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Young people 'increasingly turning to traditional prayers'
A collection of traditional Anglican prayers has experienced a renaissance among young people, it has been claimed.
There were concerns during the 1970s the ancient Book of Common Prayer could fall into disuse, however the Prayer Book Society (PBS) is reporting a resurgence across the country.
John Service (pictured below), the PBS's churches and clergy co-ordinator, said: "Many young people - the offspring of churchgoers who traditionally used the contemporary forms of worship which many churches adopted during the period of liturgical reform in the 1970s - are coming across The Book of Common Prayer for the first time.
"They are struck by the beauty and relevance of the language which has inspired writers like Shakespeare as well as churchgoers down the ages."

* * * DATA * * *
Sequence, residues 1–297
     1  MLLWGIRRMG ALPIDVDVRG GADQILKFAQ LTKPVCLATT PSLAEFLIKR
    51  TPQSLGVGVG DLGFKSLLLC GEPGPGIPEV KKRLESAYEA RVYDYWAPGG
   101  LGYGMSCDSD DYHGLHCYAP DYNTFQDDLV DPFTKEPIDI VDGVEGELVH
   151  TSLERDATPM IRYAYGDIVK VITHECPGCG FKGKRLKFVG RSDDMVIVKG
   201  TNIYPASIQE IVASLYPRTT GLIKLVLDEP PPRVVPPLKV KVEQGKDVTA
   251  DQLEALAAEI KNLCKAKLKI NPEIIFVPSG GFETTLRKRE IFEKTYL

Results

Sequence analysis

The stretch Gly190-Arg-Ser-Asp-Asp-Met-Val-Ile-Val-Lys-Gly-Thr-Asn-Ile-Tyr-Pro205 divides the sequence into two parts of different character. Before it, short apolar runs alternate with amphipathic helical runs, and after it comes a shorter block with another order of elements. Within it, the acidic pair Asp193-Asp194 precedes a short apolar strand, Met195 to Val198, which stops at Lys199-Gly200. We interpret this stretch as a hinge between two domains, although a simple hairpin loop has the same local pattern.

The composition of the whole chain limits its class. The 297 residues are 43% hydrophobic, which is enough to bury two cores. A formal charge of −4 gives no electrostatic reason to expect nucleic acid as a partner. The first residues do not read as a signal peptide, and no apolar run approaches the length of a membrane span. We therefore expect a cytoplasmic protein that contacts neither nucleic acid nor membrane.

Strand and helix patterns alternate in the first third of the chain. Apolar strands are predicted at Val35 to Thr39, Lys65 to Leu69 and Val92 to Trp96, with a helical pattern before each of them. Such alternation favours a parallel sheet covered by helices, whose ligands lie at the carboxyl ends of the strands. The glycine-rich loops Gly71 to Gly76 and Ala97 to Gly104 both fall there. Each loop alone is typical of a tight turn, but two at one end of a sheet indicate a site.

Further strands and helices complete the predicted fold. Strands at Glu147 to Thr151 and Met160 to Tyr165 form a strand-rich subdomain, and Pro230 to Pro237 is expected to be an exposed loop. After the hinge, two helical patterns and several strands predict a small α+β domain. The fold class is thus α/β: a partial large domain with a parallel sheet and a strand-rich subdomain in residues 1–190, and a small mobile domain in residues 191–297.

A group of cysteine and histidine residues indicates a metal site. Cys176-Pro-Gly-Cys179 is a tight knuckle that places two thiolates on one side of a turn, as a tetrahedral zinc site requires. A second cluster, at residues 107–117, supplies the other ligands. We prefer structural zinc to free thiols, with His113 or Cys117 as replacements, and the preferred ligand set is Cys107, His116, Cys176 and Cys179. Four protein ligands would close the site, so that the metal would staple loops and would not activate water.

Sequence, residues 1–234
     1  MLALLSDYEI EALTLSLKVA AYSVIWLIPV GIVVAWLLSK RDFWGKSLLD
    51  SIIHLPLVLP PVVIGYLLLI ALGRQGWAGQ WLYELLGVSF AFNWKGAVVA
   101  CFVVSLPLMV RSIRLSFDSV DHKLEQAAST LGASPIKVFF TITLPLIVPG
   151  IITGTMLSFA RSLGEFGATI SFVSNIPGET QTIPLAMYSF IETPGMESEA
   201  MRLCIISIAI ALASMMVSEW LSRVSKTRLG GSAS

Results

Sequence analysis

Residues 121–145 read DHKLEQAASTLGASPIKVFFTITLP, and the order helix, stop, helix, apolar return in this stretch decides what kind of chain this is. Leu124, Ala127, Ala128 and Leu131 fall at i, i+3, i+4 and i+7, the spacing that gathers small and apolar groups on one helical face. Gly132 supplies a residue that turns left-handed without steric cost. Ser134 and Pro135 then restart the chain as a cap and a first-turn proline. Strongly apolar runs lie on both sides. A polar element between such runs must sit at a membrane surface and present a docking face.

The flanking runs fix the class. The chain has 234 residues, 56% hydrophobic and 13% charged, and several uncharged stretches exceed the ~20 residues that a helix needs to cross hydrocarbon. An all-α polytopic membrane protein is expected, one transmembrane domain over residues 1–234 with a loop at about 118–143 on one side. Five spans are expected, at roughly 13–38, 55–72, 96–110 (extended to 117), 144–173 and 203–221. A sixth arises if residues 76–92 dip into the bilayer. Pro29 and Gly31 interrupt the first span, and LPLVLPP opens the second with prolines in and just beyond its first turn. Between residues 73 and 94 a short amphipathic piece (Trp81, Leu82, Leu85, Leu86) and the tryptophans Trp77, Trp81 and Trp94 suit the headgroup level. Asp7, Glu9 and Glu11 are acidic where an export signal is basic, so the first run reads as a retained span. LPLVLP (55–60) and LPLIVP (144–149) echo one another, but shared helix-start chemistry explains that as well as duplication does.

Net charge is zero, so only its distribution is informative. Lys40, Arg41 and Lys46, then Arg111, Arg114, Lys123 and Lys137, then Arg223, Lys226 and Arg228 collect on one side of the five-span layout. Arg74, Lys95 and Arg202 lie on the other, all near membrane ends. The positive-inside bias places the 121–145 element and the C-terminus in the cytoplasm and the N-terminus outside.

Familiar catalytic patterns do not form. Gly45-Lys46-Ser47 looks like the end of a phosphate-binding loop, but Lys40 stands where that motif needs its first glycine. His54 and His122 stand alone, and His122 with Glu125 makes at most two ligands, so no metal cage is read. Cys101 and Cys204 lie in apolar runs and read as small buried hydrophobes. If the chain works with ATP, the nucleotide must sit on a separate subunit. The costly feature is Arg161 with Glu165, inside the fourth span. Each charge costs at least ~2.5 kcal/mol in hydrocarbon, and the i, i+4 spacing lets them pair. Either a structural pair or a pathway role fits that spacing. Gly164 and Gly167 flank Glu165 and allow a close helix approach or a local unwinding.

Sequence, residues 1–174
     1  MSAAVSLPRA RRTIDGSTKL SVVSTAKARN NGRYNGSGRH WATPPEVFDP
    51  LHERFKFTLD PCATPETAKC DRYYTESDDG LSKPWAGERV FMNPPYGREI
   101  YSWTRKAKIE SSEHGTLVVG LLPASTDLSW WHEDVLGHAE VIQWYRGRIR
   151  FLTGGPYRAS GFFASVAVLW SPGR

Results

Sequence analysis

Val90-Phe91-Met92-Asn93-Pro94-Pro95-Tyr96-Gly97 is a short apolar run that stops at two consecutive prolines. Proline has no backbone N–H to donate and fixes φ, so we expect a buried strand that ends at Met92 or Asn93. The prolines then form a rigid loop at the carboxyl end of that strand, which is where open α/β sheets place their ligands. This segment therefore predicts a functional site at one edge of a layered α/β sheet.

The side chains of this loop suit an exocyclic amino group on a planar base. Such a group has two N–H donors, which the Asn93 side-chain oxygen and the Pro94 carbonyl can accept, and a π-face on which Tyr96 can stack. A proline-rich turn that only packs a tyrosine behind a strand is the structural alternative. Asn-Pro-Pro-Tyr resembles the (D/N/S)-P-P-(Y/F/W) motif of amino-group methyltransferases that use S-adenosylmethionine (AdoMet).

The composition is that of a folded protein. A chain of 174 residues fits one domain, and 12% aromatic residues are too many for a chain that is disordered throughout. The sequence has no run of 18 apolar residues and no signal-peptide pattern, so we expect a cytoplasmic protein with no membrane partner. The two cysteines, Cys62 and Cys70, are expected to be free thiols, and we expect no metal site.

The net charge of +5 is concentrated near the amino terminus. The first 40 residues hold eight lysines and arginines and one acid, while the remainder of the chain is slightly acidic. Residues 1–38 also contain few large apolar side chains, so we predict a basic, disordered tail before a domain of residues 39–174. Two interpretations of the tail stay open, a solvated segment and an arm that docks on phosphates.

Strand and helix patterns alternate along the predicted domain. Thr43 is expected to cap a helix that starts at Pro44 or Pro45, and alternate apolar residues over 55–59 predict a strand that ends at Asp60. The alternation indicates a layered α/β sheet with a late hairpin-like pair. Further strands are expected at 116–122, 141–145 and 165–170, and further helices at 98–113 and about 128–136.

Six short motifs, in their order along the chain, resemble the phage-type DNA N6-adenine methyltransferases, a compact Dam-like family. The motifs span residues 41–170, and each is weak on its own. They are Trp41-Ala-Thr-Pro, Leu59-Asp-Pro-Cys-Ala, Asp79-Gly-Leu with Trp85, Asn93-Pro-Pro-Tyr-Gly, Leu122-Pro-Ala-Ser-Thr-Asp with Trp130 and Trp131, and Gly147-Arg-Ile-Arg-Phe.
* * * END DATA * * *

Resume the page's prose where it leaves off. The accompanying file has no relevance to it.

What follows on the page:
The Book of Common Prayer was created in 1549 by Archbishop Thomas Cranmer, a leader of the English Reformation, when the Church of the England broke away from the authority of the Roman Catholic Church.
The PBS says the Book of Common Prayer has been replaced in recent years by contemporary forms of worship in many churches, however a growing number are returning to it.
Among younger churchgoers taking an interest are trainee clergy, with many in their 20s and 30s discovering The Book of Common Prayer for the first time according to the PBS.
John Service added: "It is encouraging to see so many ordinands embracing it enthusiastically while recognising its continuing status as the Church of England's official standard of teaching.
"Some of the students who fall in love with the Prayer Book's rich and powerful language have come from secular backgrounds with limited experience of the church."
The Prayer Book Society is launching a major national drive this month to recruit new members.
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